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dc.contributor.authorHoward, Daniel C
dc.date.accessioned2016-04-05T16:15:43Z
dc.date.available2016-04-05T16:15:43Z
dc.date.issued2006
dc.identifier.isbn9780542498732
dc.identifier.isbn0542498731
dc.identifier.other304938441
dc.identifier.urihttp://hdl.handle.net/10477/49137
dc.description.abstractComprehensive planning is an opportunity for communities to collectively envision their future through a communicative participatory endeavor that can establish a foundation for lasting civic involvement. Comprehensive planning involves a process that guides the future designation of geographic spaces through social action; this process can simultaneously be empowering for some, and marginalizing for other stakeholders. The geographic area of interest for these plans typically spans the entire community, and they are intended to guide its physical growth and development over a ten to twenty year period. Long term planning on a community-wide scale is a challenge for stakeholders; participatory activities to support such planning also pose challenges for planners. Planners and geographers have long suggested that participatory uses of information technologies can enhance planning, and among these technologies are Geographic Information Systems (GIS). Increasingly, new modes of public participation include the use of GIS on the Web. In the geographic literature this combination of public participation and GIS is often termed Public Participation GIS (PPGIS) and includes applications undertaken by municipalities to engage stakeholders online, empowering them to effect planning proposals and decisions and reaching out to those who were heretofore uninvolved. The literature also suggests that longitudinal and systematic research of PPGIS experiences is needed to inform their use and improve our understanding of the implications for planning and society. This dissertation presents the results of such a study in an American suburban community. Employing a qualitative descriptive case study approach, this study examines how one community used online PPGIS to support participation in the preparation of a comprehensive plan. Using an online survey questionnaire, semi-structured interviews, and participant observations information was gathered about how the municipality designed and deployed it online PPGIS applications, and how its stakeholders employed them to participate in the planning process. These experiences are presented from both perspectives through the voices of planners, information technology staff, and stakeholders. The experiences of this municipality and its stakeholders reflect many of the issues raised in social critiques of GIS and consideration of its use to support public participation. Issues that emerged in this case include the practical-communicative influences of PPGIS in shaping and organizing public participation, conflicting notions of scale that are enabled through online geographic information technologies and the resulting NIMBY affects on comprehensive planning, and the social and spatial tensions that emerge for planning as a result of the individualized participation facilitated through online PPGIS. By recognizing and understanding these challenges planners can consider their influences on web-based PPGIS design and incorporate strategies to facilitate improved transparency for stakeholders involved in comprehensive planning. To assess such applications, ethnographic research methods are recommended to thoroughly understanding the effectiveness of online PPGIS and the social and spatial tensions that emerge from efforts to appropriate future designations of space through planning.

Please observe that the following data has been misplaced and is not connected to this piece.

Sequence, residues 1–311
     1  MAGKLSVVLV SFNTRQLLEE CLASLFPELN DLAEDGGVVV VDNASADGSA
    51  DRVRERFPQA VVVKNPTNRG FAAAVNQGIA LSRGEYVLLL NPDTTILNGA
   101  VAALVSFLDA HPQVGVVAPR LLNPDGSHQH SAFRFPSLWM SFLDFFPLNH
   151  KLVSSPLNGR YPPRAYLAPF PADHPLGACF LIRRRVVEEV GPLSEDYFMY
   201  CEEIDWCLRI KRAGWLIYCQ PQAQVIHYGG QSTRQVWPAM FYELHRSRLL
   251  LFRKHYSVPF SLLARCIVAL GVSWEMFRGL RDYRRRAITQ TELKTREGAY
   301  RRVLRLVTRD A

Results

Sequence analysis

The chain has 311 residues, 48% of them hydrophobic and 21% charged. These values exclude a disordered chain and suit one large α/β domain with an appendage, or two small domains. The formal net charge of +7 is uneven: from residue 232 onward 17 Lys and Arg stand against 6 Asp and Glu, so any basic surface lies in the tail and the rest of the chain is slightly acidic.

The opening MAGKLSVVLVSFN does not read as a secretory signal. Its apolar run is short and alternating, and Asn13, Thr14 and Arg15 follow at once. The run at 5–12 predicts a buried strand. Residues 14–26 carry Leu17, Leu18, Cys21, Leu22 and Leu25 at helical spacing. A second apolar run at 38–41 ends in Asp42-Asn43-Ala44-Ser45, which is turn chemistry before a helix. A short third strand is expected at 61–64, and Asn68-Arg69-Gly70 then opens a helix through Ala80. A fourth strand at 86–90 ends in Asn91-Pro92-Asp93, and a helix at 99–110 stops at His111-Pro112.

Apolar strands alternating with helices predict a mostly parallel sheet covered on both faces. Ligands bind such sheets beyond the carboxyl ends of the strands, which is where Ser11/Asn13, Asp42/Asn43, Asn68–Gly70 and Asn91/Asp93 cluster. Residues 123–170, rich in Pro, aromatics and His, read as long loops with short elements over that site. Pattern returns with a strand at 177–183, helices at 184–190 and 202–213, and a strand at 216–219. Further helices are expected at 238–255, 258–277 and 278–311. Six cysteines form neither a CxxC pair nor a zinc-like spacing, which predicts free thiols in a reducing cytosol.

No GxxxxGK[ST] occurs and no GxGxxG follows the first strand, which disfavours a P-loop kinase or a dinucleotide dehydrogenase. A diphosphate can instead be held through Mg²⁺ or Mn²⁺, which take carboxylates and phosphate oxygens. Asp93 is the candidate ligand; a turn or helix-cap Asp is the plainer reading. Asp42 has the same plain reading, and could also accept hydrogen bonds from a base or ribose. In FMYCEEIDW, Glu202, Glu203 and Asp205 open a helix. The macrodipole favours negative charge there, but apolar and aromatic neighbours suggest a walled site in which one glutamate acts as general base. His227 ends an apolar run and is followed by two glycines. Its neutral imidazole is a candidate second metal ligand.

dc.languageEnglish
dc.sourceDissertations & Theses @ SUNY Buffalo,ProQuest Dissertations & Theses Global
dc.subjectSocial sciences
dc.titleOnline public participation GIS. Shaping the scales and spaces of comprehensive planning: A case study on the use of geographic information systems on the Web to support comprehensive planning in the town of Amherst, New York
dc.typeDissertation/Thesis


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